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You're Next Review

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Blending improv acting with elaborate kills, the film never bores

by Chris McEneany Jan 20, 2014

  • Movies review


    You're Next Review
    After a spell languishing on the shelf alongside Cabin in the Woods for much of the time, Adam Wingard and Simon Barrett’s brutal survivalist/home invasion riff, You’re Next, found succour in the praise of critics and genre fans alike upon its eventual release from the Lionsgate merger doldrums. Bringing the house down at film festivals and gaining a strong reputation as a much-needed stab in the arm for the jaded, jaundiced slasher flick, it has a lot to live up to. And, with the caveats listed below, you should have a great time as the sexy Sharni Vinson rallies the beleaguered remnants of her boyfriend’s eccentric and squabbling family together and leads the fight back against a pack of savage animal-masked attackers hell-bent on wiping them all out.

    Initially, folks, I was going to slate You’re Next. I’d been looking forward to it immensely, falling for the critical hype and exaggerated reviews it garnered, but I sussed all the twists and turns way before they were unveiled because of some rather clumsy shots that give the game away. Plus, the “plot” has many inconsistencies that couldn’t have flagged themselves up to me more brightly if they’d been strapped to emergency flares. Without giving anything away, there is no way that this attack would have been carried out in such an elaborate manner as we see perpetrated. After watching the film the first time I was consumed with burning, screaming questions of WHY DID THEY DO THAT? and WHY DID THEY DO THIS? Far too much of the execution is unbelievably unnecessary and once you realise that the whole thing could have been undertaken and perfected in less than two minutes, you may roll your eyes in as much exasperation as I did.


    BUT… when you watch the film again, as I have done a couple of times now, you should find that the silliness of its premise is also its splendour. You can watch a host of unlikeable miseries getting slaughtered in uber-grisly fashion, and revel in the savagely beautiful fight back from a gorgeous heroine whose ferocity is breath-taking to behold and sensationally credible too. Get past the enormous number of influences and genre-fans can actually enjoy ticking off the homages/steals being made. Combining the shock tactics of Scream with the improvisational defences of The A-Team and Home Alone, You’re Next batters the senses with pulverising set-piece assaults, a stylised 80’s synth score, some agreeable splatter and a fine genre return for Scream Queen Barbara Crampton. However, for me, what makes the film, that is nowhere near as deserving of its plaudits as the blurb would have you believe really, worthwhile is the nostalgic debt it owes to Agatha Christie’s mansion-house family plots and Ten Little Indians cast reduction.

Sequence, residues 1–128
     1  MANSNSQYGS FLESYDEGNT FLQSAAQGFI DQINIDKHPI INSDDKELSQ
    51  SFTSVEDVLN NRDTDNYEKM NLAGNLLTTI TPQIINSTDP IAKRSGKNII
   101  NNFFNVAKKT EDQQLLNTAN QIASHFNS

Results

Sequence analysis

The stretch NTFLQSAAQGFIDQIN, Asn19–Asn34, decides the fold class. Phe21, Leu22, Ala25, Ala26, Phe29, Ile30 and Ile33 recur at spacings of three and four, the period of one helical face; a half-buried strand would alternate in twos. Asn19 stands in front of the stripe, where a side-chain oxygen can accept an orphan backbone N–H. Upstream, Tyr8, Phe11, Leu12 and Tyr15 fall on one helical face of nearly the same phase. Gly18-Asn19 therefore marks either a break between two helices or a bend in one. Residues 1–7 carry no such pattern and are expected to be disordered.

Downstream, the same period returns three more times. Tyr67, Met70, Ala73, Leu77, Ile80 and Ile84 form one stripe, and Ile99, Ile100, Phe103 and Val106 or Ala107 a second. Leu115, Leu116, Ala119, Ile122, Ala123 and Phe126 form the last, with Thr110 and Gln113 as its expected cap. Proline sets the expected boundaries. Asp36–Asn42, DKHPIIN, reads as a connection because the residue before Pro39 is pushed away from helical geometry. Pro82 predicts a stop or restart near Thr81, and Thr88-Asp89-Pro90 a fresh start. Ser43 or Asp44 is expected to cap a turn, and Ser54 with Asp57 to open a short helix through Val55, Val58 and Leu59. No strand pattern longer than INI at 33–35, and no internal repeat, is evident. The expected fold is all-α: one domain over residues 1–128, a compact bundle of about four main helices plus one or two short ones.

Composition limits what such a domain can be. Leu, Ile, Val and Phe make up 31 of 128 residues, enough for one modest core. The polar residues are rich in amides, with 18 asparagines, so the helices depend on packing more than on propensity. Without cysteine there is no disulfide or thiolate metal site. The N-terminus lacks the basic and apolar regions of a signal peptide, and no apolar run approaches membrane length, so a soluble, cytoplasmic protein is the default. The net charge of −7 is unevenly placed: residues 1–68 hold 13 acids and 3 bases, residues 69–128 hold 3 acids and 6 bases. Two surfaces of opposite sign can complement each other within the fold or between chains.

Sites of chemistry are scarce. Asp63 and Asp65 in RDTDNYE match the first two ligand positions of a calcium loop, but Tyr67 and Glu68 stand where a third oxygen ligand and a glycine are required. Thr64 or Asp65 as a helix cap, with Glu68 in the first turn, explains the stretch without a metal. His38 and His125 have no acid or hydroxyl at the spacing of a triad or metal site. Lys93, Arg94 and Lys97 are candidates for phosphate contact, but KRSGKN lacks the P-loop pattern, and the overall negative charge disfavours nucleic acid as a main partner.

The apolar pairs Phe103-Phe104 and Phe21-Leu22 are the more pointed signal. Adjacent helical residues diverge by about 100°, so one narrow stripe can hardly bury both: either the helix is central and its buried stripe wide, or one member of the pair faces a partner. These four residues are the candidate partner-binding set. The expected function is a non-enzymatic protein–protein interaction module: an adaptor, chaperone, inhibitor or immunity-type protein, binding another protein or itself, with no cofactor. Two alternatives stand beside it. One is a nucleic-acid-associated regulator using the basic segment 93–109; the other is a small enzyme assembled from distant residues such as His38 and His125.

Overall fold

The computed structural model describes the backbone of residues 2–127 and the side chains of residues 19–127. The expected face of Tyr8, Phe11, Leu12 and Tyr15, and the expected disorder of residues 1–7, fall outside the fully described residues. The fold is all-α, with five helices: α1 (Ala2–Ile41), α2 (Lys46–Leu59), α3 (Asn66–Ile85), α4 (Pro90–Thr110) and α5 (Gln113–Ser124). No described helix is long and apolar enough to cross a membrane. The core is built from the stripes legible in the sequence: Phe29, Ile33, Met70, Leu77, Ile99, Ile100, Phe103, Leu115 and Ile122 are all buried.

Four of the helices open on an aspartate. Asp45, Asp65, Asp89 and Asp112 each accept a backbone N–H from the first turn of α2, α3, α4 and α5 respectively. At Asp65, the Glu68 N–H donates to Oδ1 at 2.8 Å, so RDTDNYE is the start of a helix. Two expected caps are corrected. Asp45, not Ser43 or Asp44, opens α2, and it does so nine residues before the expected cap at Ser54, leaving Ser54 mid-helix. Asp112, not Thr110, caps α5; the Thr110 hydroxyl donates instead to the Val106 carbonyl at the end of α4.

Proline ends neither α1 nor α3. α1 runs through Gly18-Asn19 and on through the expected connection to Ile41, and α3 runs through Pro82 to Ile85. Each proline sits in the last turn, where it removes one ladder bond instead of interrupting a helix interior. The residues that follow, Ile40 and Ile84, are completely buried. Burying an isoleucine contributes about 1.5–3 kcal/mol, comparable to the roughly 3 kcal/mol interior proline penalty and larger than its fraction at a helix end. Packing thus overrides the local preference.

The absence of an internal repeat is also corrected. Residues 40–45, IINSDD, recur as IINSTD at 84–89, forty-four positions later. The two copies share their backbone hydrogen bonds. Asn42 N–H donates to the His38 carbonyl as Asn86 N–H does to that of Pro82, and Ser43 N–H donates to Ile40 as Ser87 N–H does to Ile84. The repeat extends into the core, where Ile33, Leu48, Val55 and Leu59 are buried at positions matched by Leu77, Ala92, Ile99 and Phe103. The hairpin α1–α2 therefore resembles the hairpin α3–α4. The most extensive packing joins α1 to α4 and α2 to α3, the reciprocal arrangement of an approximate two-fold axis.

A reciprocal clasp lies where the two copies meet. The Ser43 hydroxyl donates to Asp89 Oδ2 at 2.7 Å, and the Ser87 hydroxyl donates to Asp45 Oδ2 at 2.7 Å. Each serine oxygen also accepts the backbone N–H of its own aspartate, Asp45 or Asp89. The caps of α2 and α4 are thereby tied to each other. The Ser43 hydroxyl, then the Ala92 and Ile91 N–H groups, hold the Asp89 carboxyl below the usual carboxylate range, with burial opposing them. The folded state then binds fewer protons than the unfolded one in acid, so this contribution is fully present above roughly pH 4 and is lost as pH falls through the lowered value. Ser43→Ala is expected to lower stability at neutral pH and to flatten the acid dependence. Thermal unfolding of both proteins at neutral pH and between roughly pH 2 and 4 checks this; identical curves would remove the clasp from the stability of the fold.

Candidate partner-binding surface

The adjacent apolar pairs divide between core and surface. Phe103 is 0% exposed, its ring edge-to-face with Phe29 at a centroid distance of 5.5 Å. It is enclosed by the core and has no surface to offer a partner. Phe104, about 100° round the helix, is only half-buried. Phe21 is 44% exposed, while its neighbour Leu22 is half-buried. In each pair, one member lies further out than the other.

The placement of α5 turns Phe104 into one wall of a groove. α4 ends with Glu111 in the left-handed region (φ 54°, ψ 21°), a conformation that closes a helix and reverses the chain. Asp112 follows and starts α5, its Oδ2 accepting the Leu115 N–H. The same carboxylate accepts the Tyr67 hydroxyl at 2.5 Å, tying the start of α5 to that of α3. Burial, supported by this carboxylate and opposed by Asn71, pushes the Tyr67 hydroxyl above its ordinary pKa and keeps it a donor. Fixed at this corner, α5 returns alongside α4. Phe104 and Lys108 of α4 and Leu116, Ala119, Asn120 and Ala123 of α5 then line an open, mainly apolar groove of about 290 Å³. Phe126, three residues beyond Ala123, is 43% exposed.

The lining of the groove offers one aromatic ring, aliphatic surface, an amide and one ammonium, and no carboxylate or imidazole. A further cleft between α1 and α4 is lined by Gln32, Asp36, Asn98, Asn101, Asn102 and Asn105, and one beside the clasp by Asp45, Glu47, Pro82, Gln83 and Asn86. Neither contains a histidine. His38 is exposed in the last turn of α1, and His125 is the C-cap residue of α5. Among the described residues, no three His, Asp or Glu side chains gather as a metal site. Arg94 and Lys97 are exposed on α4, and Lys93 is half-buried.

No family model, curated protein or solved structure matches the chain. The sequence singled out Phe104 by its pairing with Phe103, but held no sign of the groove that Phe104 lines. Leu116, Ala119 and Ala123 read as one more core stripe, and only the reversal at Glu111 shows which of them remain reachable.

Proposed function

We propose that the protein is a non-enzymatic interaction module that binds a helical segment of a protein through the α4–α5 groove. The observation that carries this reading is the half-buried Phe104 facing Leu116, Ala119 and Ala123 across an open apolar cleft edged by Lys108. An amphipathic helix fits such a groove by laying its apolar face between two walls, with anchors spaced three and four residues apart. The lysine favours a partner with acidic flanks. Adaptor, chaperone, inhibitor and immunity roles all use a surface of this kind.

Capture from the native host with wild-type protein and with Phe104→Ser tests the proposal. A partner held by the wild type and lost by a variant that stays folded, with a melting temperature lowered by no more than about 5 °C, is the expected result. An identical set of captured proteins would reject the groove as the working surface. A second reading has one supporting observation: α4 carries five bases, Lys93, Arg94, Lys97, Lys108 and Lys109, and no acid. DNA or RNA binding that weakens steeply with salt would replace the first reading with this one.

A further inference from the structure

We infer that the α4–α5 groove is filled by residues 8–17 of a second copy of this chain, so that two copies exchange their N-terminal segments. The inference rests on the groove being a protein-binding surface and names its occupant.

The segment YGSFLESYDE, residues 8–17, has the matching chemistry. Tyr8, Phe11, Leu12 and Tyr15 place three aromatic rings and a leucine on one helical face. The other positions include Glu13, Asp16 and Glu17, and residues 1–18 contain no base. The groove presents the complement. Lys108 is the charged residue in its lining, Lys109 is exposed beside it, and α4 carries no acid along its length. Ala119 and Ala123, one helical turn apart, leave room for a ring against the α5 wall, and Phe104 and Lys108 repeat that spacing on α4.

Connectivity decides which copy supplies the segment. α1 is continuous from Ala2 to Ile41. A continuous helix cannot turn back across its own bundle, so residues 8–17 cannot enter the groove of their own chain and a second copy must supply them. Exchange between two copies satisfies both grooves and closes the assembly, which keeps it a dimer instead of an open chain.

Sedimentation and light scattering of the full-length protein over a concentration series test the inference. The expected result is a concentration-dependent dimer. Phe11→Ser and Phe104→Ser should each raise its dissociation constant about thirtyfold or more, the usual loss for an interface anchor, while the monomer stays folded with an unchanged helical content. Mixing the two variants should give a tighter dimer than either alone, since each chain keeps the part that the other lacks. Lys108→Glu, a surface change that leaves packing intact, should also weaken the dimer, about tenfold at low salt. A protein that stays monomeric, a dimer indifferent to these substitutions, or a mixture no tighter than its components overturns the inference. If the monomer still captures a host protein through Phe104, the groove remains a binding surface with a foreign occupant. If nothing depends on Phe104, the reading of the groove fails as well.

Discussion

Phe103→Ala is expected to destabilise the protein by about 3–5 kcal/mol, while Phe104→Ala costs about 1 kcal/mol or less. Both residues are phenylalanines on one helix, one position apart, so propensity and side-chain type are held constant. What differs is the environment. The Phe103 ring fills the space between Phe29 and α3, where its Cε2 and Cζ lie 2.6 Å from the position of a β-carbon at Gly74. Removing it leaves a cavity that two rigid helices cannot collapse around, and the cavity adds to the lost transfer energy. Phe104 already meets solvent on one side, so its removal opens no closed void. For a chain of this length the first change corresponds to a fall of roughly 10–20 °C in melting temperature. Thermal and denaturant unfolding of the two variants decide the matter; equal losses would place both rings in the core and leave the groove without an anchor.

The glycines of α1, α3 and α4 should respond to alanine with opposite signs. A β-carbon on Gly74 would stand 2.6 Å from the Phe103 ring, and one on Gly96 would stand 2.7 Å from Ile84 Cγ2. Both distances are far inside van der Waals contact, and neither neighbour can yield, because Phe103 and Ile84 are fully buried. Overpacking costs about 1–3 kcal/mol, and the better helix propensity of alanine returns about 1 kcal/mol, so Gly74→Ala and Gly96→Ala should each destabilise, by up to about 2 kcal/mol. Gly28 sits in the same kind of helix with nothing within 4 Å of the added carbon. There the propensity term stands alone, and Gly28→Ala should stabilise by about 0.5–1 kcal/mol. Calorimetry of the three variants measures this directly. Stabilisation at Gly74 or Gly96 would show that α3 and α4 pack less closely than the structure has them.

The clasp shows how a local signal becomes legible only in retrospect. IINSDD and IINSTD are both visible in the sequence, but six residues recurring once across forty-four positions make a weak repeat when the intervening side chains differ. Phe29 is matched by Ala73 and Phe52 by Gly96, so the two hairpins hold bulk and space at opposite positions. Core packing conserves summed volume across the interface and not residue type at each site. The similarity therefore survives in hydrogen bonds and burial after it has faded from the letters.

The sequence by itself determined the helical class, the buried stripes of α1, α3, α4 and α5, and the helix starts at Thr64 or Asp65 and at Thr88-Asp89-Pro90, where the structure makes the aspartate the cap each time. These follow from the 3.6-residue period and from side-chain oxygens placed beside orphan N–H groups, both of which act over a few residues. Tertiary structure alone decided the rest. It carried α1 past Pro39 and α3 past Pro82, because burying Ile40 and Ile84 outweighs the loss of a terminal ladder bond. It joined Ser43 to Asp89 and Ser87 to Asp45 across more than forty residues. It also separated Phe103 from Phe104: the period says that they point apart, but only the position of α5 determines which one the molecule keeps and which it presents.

Pulverising set-piece assaults, stylised 80’s synth score, agreeable splatter and a return for Scream Queen Barbara Crampton

    The animal head masks that the killers wear have mistakenly been attributed to The Wicker Man, but the concept seems to have been developed from the devious and sadistic trick that a bunch of nefarious sailors once played on a former colleague, resulting in his death in 19th Century Cornwall. You can’t deny that even the mask of a sheep becomes utterly chilling when sitting atop a combat-dressed assailant armed with machete, axe and crossbow and a profoundly unmerciful attitude.

    Blending improv acting with elaborate kills, the film never bores, but without Vinson’s vigorous performance it would surely collapse. Reappraising my former opinion, then, I definitely recommend You’re Next. It is seriously flawed, but it is also genuinely hard to dislike a film as gleefully ruthless and cold-bloodedly amusing as this.

    The Rundown

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